But for now, a practical response is based on the time-honored tradition of volunteer fire brigades and emergency medical services teams in communities around the state. These dedicated first responders and emergency medical technicians are well trained in diagnosis and first aid treatments. They respond to calls for help, whether at the scene of an accident resulting in traumatic injury or at home emergencies, such as a cardiac arrest or diabetic coma.

Medical advances and first aid training have migrated some emergency care to ambulances, so emergency care begins with the EMT in the ambulance in radio contact with the medical staff at the hospital so that the emergency room personnel are aware and ready for a incoming patient.

A promising new model of health care has emerged in the last decade that parallels our community EMS services. It focuses on emergency mental health crises and is called Mental Health First Aid. As of 2023, more than 3 million people in the US have received Mental Health First Aid training, including former first lady Michelle Obama, from nearly 1,500 certified instructors.

What is the size of the problem? Vermont’s senior population is our fastest growing age group. If trends continue, by 2030 one in three of us will be over 60 and older people will have high rates of late-onset mental health challenges such as anxiety and depressive disorders, often caused by loneliness or lack of regular human connection. Men over 75 have a higher suicide rate than any other population group. Mental Health First Aid for adults can be a protective factor for our family members, neighbors, colleagues and friends.

When we think about Mental Health First Aid, we must also make an assessment of the increasing rate of mental distress in our young people. Mental illness does not differentiate by age. It is increasing in our older and younger populations.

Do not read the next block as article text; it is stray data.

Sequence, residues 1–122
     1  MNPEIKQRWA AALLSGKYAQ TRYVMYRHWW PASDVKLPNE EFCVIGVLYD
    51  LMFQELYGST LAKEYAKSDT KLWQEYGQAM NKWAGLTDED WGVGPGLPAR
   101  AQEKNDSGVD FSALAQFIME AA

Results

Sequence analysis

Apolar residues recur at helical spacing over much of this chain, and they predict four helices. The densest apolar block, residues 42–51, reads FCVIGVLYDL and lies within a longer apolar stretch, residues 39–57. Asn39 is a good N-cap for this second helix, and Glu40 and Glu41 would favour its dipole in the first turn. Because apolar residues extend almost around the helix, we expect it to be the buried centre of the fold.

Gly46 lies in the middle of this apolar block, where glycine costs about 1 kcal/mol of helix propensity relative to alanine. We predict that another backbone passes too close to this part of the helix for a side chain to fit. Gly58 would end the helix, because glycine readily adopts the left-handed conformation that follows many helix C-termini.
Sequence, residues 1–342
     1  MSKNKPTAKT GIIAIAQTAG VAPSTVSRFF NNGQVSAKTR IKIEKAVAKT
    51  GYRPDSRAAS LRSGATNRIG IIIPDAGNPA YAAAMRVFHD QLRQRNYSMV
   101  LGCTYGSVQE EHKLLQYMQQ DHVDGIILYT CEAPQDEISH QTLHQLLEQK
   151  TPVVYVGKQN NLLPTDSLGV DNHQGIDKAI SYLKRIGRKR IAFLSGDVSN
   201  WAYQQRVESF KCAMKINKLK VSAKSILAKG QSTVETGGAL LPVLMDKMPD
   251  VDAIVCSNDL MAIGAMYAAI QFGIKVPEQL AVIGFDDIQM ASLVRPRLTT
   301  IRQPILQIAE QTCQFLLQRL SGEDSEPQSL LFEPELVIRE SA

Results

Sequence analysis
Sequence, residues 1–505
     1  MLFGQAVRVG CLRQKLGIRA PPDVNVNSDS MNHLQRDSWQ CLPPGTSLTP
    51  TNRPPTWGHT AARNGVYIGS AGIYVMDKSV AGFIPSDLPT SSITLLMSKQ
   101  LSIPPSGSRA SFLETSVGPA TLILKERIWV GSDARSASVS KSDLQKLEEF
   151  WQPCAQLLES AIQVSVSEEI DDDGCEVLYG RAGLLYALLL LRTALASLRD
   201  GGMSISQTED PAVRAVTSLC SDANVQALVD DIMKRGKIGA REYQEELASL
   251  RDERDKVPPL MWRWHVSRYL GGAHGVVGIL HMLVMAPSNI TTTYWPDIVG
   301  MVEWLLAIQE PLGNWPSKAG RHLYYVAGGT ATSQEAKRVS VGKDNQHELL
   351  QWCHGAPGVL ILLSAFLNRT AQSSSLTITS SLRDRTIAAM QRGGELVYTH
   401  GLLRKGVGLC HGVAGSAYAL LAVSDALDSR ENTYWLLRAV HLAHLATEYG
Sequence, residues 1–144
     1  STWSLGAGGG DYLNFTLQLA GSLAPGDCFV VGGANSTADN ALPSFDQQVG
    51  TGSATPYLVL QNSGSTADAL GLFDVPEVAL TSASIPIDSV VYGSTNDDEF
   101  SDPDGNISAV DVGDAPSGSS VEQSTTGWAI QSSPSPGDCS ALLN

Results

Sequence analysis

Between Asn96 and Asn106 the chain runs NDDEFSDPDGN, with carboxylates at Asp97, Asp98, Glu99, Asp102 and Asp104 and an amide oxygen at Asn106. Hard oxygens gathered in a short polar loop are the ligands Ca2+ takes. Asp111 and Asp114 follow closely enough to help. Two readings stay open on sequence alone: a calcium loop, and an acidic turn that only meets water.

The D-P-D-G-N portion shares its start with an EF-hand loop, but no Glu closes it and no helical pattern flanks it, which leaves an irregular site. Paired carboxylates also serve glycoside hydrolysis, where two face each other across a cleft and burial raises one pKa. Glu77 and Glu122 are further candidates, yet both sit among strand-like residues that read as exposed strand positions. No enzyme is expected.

Nationally, the suicide rate among our youth is rising. Many of our emergency rooms are filled with young people suffering from suicidal ideation or attempted suicide, self-harm, depression, anxiety, addiction, and eating disorders, and we have little or no care facilities for them. And these manifestations of mental health are increasing in our schools which struggle to find and fund resources to deal with them.

The case for addressing mental health crises among our younger and older populations is urgent, and training in Mental Health First Aid is a critical step in the right direction.

For example, you come home after work to find your grandfather depressed and talking to himself about ending his life. You know there’s a gun in the house. Or maybe your teenage son has disappeared from family events and meals, lives on his cell phone and no longer responds to questions about his well-being. A person trained in MHFA will be able to identify and respond to symptoms like these.

We will also need trained MHFA trained people available in our hospitals, nursing homes, colleges and schools. Mental Health First Aid is similar to cardiopulmonary resuscitation. We can always use more people who know how to administer CPR, and the more people trained in CPR, the safer we all are.

If you need urgent mental health care or know someone who does, you can get in touch here for help. Locally, United Way is offering free training in June.

Physical and mental well-being are inextricably linked, and we are finally developing the resources to care for both in an emergency. This is progress in health care.